Tape Ark Transforms Historical News Footage with Artificial Intelligence
Industry: Media & Entertainment
Tape Ark recently completed a project to liberate footage from a collection of broadcast video tapes (Betacam format) from deteriorating media that had been held in offsite storage for over 40 years.
Each ageing video tape contained approximately 100 historical news clips from a major Australian television network broadcaster. Unfortunately they were accompanied by a very limited and minimal metadata catalogue, making it very difficult to locate relevant clips when the TV network needed historical footage.
Once liberated from tape and accessible in public cloud storage, artificial intelligence software was applied to the data to analyse the content and extract a rich catalogue and index of the video footage. This extensive metadata not only made the clips easily searchable and useful for the TV broadcaster internally but also valuable in that they can now monetise the footage and create a revenue stream from distributing it.
Due to the undigitised video footage residing on legacy tape and limited accompanying metadata, the TV broadcaster were unable to easily or quickly view the historical footage or search and edit it in order to access and use the content when required.
Each video tape needed to be physically watched to ascertain more detail on its content – a manual, time consuming and expensive process.
The Tape Ark Solution
Using Tape Ark’s scalable and automated mass tape liberation infrastructure and depth of technical expertise in legacy data migration, footage from the video collection was carefully extracted from the Betacam tapes to a local disk cache and then converted to a broadcast quality HD format.
The digitised video was then uploaded into the public cloud to a secure Amazon Web Services (AWS) S3 storage account. The historical film footage was finally available in the cloud for download and use by the TV broadcaster.
Now accessible and liberated, Tape Ark applied AWS Rekognition software to the footage, automatically splitting the video into individual clips in high resolution broadcast quality HD. As an additional step, smaller low resolution proxy clips were also created for internal use by the television network to provide rapid access to the clips for viewing and editing in the local studio.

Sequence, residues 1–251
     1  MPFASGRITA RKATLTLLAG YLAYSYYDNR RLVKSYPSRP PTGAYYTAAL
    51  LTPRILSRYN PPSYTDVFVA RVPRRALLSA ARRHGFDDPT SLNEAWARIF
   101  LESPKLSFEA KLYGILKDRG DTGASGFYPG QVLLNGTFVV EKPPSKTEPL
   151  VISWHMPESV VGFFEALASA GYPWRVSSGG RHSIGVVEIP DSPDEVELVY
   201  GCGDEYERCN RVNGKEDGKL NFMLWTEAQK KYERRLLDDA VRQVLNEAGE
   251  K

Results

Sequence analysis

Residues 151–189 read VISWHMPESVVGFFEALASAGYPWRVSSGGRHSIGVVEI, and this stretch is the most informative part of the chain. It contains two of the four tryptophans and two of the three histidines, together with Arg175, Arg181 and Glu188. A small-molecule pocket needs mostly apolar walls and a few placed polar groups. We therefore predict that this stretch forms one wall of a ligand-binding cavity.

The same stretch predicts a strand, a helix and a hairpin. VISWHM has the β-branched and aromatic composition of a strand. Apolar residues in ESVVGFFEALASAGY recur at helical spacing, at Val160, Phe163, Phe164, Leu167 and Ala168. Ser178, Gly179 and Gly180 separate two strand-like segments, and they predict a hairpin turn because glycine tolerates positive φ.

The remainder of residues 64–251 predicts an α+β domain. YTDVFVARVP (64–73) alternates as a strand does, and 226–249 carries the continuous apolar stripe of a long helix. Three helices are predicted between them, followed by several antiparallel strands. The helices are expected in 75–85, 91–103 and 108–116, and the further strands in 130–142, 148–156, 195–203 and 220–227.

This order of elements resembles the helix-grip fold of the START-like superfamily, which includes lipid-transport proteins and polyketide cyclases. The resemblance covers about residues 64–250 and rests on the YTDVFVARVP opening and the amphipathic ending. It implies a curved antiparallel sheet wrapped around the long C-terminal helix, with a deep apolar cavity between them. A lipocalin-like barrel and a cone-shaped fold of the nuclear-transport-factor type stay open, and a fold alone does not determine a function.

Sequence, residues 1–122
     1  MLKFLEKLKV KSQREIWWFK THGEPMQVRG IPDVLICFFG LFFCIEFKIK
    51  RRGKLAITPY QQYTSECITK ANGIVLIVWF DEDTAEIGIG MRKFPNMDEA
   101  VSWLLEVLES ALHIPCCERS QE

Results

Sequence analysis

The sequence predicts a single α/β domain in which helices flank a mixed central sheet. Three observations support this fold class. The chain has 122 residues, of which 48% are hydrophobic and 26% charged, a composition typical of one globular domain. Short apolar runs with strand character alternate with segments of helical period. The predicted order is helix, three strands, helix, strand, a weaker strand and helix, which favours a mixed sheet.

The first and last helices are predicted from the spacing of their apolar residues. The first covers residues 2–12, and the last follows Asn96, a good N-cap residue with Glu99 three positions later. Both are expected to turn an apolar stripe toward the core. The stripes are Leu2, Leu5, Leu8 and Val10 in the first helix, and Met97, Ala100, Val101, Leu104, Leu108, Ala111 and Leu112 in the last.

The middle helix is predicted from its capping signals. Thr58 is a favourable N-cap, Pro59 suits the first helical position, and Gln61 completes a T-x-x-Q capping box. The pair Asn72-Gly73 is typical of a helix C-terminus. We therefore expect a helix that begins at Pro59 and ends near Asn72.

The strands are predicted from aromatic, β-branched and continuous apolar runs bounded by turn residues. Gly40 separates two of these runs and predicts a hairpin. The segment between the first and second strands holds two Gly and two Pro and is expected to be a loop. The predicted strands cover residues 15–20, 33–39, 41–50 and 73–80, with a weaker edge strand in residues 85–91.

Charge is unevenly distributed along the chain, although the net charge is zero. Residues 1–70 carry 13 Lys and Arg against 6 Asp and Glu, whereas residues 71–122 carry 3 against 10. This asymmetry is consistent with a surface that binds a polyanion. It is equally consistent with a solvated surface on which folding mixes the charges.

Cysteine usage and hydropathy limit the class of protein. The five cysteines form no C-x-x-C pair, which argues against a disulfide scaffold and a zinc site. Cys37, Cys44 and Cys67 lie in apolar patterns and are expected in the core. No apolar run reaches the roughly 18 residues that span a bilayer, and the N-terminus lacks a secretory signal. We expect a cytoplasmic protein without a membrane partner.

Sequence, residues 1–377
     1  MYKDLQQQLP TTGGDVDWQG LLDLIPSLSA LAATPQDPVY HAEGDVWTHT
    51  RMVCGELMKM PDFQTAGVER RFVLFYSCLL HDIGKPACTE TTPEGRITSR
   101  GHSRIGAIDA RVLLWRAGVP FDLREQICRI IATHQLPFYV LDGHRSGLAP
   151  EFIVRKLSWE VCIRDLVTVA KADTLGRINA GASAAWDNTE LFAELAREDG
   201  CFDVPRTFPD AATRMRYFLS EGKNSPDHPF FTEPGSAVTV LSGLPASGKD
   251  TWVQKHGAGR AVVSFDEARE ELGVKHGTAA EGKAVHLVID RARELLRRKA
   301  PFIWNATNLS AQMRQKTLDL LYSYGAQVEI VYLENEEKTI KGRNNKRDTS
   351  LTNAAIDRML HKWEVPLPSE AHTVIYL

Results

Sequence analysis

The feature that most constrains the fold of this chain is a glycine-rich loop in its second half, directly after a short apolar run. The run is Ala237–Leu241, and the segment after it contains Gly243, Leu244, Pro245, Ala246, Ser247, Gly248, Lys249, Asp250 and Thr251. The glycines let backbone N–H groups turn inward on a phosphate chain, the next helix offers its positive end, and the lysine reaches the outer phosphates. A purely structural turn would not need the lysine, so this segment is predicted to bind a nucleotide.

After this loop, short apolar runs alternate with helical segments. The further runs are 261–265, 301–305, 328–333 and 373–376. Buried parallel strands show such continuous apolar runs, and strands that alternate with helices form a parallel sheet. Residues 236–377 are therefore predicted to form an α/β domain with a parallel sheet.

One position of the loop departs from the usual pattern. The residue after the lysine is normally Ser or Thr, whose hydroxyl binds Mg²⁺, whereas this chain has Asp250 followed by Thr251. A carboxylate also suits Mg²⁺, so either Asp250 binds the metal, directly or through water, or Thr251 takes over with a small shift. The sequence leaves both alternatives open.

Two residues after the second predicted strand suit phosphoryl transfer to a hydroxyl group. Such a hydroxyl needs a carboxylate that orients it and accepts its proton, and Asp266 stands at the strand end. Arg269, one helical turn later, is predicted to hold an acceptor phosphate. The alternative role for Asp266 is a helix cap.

These newly created clips were also transferred to reside in AWS S3 cloud storage, where Tape Ark could then apply then next level of AI and analytics to the video footage. Using Amazon’s Rekognition suite of software tools to analyse the video and image content, Tape Ark were then able to perform:
Object, Activity & Scene Detection - identifying thousands of objects such as vehicles, pets, species of plants, fashion, furniture and scenes including known locations.
Facial & Celebrity Recognition - identifying celebrities and creating an index of detected faces.
Facial Analysis – locating faces within images and analysing facial attributes such as whether or not the face is smiling, they are wearing glasses, have a beard or the eyes are closed.The facial analysis output also included the coordinates in each frame of each person’s left and right eye, the corners of their mouth and arrangement of other detailed
Sentiment Analysis – detecting emotions such as happy, sad, surprised or angry.
Text in Image –locating and extracting of text within images, including text in natural scenes such as road signs, car registration plates, t-shirts, and captions or text within news tickers in the news frames.
Speech to Text - conversion of all spoken word to text and time coding the text to the frames. So when searching for a particular person saying a particular word or phrase, the search would position the user immediately at the frame in the video where the words were spoken.
The data generated through the application of AI software enabled the creation of a rich, searchable index and catalogue on the historical video footage which could then be imported into the network’s Media Asset Management (MAM) system. The AI created a huge uplift in the depth and knowledge about the clips in the library.